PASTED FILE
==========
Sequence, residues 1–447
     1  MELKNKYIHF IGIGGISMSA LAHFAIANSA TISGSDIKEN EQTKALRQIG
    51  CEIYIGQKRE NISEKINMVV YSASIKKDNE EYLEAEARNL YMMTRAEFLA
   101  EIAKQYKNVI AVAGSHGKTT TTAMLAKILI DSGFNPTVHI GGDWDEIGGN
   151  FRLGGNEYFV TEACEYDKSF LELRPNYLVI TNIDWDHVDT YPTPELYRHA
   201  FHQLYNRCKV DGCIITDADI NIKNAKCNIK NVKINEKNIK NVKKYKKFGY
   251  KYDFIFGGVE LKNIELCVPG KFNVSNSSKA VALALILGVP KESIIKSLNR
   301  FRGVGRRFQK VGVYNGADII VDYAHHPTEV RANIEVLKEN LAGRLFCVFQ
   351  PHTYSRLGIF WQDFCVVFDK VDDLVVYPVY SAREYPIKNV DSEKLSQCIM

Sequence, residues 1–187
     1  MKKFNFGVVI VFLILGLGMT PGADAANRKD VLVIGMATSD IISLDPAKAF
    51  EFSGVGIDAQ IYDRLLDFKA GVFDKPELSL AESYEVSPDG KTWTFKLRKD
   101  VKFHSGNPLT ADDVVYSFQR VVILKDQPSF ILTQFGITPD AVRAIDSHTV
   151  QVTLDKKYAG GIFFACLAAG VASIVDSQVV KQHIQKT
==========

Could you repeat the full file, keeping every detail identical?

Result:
Sequence, residues 1–447
     1  MELKNKYIHF IGIGGISMSA LAHFAIANSA TISGSDIKEN EQTKALRQIG
    51  CEIYIGQKRE NISEKINMVV YSASIKKDNE EYLEAEARNL YMMTRAEFLA
   101  EIAKQYKNVI AVAGSHGKTT TTAMLAKILI DSGFNPTVHI GGDWDEIGGN
   151  FRLGGNEYFV TEACEYDKSF LELRPNYLVI TNIDWDHVDT YPTPELYRHA
   201  FHQLYNRCKV DGCIITDADI NIKNAKCNIK NVKINEKNIK NVKKYKKFGY
   251  KYDFIFGGVE LKNIELCVPG KFNVSNSSKA VALALILGVP KESIIKSLNR
   301  FRGVGRRFQK VGVYNGADII VDYAHHPTEV RANIEVLKEN LAGRLFCVFQ
   351  PHTYSRLGIF WQDFCVVFDK VDDLVVYPVY SAREYPIKNV DSEKLSQCIM

Sequence, residues 1–187
     1  MKKFNFGVVI VFLILGLGMT PGADAANRKD VLVIGMATSD IISLDPAKAF
    51  EFSGVGIDAQ IYDRLLDFKA GVFDKPELSL AESYEVSPDG KTWTFKLRKD
   101  VKFHSGNPLT ADDVVYSFQR VVILKDQPSF ILTQFGITPD AVRAIDSHTV
   151  QVTLDKKYAG GIFFACLAAG VASIVDSQVV KQHIQKT